The Sopranos: HBO’s Realistic Crime Drama Actually Had… Magic? - Bliteoc

The Sopranos: HBO’s Realistic Crime Drama Actually Had… Magic?

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The realism of The Sopranos was a defining feature of the series, distinguishing it from many of the mob dramas that came before it by grounding its characters and its world in a tangible setting viewers could inhabit. From the seemingly chaotic nature of its plotlines to its endlessly intriguing psychologies, there was much in The Sopranos that made TV more real than ever. That is why it can be so startling to come across the moments in The Sopranos where the supernatural definitively exists.

One of the most haunting moments occurs in the second episode of the third season, “Proshai, Livushka.” The episode deals with the death of Olivia Soprano, Tony’s mother who provided a manipulative and antagonistic force through much of the series to that point. There is a blink-and-you-miss-it moment at her wake when Tony and Furio are talking. Tony opens a door with a mirror on the back of it, and when the reflection faces the camera, the image of Pussy Bonpensiero stares out. There’s one problem: Pussy Bonpensiero is dead.

Tony earlier in the series killed Bonpensiero for ratting on their crew to the FBI, and the image shows how his death haunts Tony. While later appearances of Bonpensiero would occur in Tony’s dreams, what is notable about the mirror reflection is that Tony himself does not see the image. There is a similar moment with Paulie Gualtieri toward the end of the series, in the sixth season’s “The Ride.” There, Paulie sees a vision of the Virgin Mary that looms over his Catholic guilt, and again the audience sees the image before Paulie does.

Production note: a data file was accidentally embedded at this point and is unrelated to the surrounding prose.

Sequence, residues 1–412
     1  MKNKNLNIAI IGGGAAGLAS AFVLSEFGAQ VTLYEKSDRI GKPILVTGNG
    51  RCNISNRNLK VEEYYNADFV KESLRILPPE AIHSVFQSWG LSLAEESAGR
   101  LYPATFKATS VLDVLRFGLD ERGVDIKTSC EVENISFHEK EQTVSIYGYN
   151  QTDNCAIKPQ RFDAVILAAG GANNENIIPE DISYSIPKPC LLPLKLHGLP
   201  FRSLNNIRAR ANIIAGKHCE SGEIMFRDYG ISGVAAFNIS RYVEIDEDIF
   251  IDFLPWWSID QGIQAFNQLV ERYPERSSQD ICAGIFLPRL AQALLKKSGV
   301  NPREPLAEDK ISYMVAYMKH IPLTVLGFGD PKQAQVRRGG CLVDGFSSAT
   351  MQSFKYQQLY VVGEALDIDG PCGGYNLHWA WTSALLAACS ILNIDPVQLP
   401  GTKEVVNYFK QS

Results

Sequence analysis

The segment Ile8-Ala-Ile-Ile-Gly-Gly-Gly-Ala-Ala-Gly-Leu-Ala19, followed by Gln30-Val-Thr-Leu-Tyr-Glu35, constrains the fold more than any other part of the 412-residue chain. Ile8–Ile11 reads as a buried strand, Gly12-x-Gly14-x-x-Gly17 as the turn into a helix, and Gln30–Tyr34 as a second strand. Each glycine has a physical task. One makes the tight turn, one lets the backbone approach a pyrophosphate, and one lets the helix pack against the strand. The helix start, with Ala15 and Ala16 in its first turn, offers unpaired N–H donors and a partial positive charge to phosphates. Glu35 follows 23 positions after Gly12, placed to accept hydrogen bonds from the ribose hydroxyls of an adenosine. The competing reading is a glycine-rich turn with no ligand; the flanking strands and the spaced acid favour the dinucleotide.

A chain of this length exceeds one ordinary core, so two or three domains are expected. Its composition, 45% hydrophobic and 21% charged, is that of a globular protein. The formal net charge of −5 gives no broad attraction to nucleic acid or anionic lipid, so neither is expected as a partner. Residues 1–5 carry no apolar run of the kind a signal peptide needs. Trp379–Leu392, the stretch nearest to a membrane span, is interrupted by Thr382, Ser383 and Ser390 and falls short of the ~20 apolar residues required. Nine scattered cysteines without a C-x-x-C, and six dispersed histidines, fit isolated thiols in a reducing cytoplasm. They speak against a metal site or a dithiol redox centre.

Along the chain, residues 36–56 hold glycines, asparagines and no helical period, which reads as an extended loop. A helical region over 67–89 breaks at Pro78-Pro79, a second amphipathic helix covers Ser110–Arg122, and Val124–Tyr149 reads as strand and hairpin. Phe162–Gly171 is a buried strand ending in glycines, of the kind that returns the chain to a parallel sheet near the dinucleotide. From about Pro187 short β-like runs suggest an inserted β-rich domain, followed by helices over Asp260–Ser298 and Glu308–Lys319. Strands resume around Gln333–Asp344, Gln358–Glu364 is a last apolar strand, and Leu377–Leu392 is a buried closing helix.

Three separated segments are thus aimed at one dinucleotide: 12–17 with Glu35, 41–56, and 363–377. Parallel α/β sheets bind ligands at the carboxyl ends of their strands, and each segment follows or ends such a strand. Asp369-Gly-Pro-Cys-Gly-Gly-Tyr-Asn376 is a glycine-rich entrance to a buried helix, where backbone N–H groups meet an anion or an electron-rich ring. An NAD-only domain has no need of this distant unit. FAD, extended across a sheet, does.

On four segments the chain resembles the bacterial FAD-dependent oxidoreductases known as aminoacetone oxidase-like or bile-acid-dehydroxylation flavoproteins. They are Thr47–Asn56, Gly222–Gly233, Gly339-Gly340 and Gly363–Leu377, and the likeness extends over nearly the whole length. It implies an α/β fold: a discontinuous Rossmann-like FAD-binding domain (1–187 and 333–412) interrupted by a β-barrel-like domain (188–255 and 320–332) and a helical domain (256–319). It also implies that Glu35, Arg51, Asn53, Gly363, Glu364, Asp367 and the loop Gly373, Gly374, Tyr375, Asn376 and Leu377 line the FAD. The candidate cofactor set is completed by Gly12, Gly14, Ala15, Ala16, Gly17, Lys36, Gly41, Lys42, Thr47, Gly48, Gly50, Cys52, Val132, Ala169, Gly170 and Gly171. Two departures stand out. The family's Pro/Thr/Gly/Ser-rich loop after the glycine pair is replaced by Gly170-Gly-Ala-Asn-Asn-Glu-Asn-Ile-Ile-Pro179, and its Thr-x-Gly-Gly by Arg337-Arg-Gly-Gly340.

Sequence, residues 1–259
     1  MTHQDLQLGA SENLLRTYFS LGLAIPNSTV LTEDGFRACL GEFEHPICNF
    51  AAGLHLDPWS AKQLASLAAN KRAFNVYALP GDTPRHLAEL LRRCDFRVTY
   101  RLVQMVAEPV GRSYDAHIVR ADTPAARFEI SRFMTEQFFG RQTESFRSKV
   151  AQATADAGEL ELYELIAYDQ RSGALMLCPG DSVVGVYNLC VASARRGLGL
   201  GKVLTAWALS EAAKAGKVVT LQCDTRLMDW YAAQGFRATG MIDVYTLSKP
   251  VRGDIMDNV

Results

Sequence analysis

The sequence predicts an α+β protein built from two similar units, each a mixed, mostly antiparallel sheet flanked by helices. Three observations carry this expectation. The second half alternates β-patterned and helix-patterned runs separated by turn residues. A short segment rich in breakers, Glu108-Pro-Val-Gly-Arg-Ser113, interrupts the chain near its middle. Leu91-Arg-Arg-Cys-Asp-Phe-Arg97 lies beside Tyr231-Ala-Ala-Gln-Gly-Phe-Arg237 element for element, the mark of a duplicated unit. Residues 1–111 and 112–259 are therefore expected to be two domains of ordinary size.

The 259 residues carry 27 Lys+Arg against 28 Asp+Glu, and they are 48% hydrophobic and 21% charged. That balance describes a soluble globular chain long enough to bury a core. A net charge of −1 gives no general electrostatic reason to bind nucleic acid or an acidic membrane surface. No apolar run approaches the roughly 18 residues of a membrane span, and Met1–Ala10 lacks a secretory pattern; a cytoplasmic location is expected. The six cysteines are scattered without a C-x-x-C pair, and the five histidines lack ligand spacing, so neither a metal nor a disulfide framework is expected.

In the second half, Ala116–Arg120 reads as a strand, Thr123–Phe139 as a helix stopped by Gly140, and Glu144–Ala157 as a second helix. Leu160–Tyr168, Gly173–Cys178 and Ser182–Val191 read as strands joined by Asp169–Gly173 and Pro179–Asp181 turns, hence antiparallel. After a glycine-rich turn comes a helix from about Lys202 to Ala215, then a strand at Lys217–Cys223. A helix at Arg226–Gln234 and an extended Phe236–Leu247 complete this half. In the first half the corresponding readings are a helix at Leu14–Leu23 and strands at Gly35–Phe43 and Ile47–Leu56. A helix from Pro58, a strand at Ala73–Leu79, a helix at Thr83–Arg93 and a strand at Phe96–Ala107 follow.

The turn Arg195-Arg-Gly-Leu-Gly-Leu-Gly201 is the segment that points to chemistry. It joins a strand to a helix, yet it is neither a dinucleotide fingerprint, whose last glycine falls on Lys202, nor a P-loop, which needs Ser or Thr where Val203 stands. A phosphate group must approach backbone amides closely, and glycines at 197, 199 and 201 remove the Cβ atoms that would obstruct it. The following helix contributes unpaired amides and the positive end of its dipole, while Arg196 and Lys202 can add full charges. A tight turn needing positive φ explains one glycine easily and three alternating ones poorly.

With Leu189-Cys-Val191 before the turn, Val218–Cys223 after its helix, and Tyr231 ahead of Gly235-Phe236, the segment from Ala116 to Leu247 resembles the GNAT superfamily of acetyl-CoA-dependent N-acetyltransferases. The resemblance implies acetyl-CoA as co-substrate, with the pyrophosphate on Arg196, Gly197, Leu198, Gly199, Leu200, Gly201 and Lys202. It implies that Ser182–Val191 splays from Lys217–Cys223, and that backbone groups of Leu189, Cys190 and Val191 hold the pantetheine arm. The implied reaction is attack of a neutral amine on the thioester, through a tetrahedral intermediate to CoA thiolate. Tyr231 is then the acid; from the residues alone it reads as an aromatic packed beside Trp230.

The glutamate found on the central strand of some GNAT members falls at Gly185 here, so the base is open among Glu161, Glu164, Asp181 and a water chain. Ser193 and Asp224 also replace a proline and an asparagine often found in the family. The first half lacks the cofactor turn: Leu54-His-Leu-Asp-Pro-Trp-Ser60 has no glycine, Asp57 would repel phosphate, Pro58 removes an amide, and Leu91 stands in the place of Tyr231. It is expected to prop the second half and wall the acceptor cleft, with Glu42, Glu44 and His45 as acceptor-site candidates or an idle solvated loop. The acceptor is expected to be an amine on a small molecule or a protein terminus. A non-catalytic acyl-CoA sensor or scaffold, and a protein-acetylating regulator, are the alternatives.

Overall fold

Both instances show that these are not just hallucinatory images representing the character’s psyches, but actual supernatural occurrences. Even before either ghost appears, Paulie has a run-in during “From Where to Eternity” with a medium who channels the spirits of those Paulie killed in his criminal career. In true Paulie fashion, he calls the spirits a slur and storms out of the room, but the truth was that the information the medium presented truly did include details they could not have known outside of supernatural intervention.

If those occurrences weren’t enough, even the latest installment in The Sopranos, The Many Saints of Newark, includes an ominous moment during the prequel setting. Faced with the infant Christopher, Tony languishes at how the boy constantly cries in his presence. He is warned that newborns’ time before coming into the world of the living grants them the knowledge of the afterlife, and as the film itself notes with Christopher’s post-death narration, it was Tony who would later go on to kill Christopher. Christopher’s status as narrator, and the moment showing his discomfort as an infant toward his future killer, underlines the importance of the supernatural and the afterlife in the world of The Sopranos.

In its own way, the series mimics classic tales like those of Shakespeare, where ghosts and soothsayers intervened in the otherwise un-magical events of the story. For as much as The Sopranos digs into the realism of the criminal underworld and the psychological toll it takes on its cast, there is also a message there about a deeper moral fabric to the universe underlying every sin its characters commit. It may be one of the most realistic dramas to ever dazzle audiences, but The Sopranos also knew how to integrate its supernatural elements to perfection.

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